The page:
Could COVID-19 bring a housing boon for New York City suburbs?
When COVID-19 broke out in New York City, an exodus took place.
People tried to run away from the virus. Those with second homes, many in seasonal areas, packed the car and headed off. Some may have even taken the coronavirus with them.
Some were even being lured by the attraction of renting a home away from home, until that practice was stopped by many local governments in destination locations.
Whether it was the Poconos in Pennsylvania, Cape Cod in Massachusetts, or even the Hamptons out on Long Island in New York, the rush from the Big Apple to places away from the epicenter of the pandemic in the United States was moving at a fast and furious pace.
Some of these locations were unprepared for the crush of new arrivals, especially before the summer vacation season was set to kick off. Others worried that the New Yorkers in search of an escape were bringing COVID-19 with them and warned travelers to stay away.
But that is not all that was happening.
Surprisingly, in some areas, homes were selling. Especially in the more high-income suburbs of New York City, like West Chester County and Greenwich Connecticut.
According to a story first published by Mansion Global, data for home sales for the first quarter in Greenwich, provided by Berkshire Hathaway New England, showed that sales skyrocketed 36.5 percent compared to the first quarter of 2019.
And while it could be argued that most of those sales occurred before the coronavirus took over society, the same data also showed that the increase was 22.2 percent in the month of March alone. Berkshire Hathaway also declared that their own sales increased 29 percent from March 1 through April 7, when compared to 2019.
It was a surprise for Greenwich specifically, after having the real estate market stagnate after there were changes to mortgage deductions and other tax laws that had residents paying their mortgages with after-tax dollars.
But low mortgage rates, coupled with the desire to escape the virus as quickly as possible, have turned things around for the Southeastern Connecticut city.
Meanwhile, there is also growth in the suburbs in New York state.
According to data provided to Mansion Global by Douglas Elliman, the median sales prices for single family home rose 6.7 percent, and total sales increased by 7.5 percent, compared to 2019 in Westchester, Dutchess and Putnam counties.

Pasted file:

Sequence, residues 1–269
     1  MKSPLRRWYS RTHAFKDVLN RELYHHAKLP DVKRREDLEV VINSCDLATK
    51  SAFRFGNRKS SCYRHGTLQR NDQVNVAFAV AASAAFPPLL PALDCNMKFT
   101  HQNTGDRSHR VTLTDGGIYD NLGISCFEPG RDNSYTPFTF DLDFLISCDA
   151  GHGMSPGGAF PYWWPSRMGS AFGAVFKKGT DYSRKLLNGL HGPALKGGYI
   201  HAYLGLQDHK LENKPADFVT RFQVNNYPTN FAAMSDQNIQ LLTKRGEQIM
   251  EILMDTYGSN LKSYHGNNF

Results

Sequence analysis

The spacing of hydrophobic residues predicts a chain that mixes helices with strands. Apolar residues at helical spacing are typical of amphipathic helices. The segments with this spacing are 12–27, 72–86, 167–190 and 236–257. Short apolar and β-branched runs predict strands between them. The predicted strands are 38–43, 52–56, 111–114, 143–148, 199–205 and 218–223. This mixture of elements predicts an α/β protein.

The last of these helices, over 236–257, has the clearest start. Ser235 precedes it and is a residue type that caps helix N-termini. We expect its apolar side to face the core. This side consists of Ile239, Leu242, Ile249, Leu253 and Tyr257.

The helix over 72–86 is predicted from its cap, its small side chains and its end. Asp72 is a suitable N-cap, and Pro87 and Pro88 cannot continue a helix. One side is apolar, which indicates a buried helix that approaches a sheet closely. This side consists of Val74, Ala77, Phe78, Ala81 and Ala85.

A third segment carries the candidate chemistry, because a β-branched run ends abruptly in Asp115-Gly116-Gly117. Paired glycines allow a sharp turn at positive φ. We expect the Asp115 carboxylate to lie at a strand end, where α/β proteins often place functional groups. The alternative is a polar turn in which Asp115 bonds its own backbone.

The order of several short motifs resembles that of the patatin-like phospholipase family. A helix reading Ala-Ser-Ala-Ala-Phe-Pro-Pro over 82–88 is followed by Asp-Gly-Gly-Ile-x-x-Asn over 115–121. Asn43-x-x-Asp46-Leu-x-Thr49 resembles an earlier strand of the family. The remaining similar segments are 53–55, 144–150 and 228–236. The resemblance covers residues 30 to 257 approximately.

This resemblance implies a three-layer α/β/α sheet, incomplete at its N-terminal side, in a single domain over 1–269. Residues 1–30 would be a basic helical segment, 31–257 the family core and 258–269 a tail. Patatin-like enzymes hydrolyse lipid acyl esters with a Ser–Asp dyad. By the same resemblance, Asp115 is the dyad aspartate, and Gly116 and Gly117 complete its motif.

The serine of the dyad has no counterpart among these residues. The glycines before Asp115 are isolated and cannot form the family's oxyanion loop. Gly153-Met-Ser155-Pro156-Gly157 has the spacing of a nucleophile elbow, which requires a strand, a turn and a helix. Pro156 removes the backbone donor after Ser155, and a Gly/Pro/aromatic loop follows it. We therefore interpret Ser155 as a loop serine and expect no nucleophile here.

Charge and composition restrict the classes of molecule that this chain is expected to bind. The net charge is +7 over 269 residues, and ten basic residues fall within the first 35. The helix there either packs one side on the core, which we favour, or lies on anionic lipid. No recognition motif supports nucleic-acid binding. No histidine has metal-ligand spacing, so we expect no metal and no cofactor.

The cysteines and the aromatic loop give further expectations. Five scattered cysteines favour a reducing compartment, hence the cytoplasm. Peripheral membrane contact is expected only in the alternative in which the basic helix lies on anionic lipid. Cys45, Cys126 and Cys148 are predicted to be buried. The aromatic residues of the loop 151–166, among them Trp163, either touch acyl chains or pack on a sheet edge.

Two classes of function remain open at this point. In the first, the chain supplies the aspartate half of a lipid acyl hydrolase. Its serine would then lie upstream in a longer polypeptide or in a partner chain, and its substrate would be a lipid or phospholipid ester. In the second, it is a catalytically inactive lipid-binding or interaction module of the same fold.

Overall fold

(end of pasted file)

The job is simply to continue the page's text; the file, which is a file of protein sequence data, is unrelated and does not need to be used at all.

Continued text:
“Initially there was a large uptick in [calls about] short-term rentals, then longer-term rentals,” Scott Elwell, the regional vice president of sales for Westchester and New England for Douglas Elliman told Mansion Global. “Now we’re getting calls from families in the city inquiring about purchasing.”
The question that is starting to brew is, once the Pandemic is behind us, might suburban areas get a shot in the arm again for home buying?
There has been a lot of discussion in recent years about retrofitting suburbia to meet the wants and needs of a younger generation of homebuyer who is more interested in more walkable communities, close to public transportation and with experience-related retail and entertainment close by.
Yet, after COVID-19, the more sprawling suburbs that were all the rage in previous decades, might be deemed acceptable again. The infrastructure appeal, such as hospitals and other resources, and the ability to have better social distancing capabilities than the big city – in case something like this happens again – will be most attractive to homebuyers.
In addition, the recent trend of downsizing into smaller homes could suddenly reverse course.
With families now forced to use their homes for everything – an office, a school, a gym, a movie theater and other recreation – the trend could switch back to needing a larger home, something that would also be a boon for suburban markets.
Another possibility is that more businesses will find that remote working is a comfortable situation for their company and will allow for more employees to work from home. As such, the need to telecommute will have buyers looking for larger homes that could support an office or two.
Yet, it is still too soon to tell if this will be a long-term response to COVID-19. While Americans have not experienced a pandemic of this magnitude for more than a century, New Yorkers could relate to this exodus like the months following the terrorist attacks of 9/11. People chose to move out of the city at the time, but after a while they experienced buyer’s remorse and looked to come back.
“It’s hard to say, because none of us have ever gone through something like this before,” Ann Conroy, CEO of Douglas Elliman Long Island told Mansion Global. “But after 9/11, for example, buying trends did shift. I had friends who moved out to the Hamptons permanently – they thought – [but] little by little they trickled back to the city. People who love the city, if they’re not ready and force themselves out, they come back to the way they love to live.”
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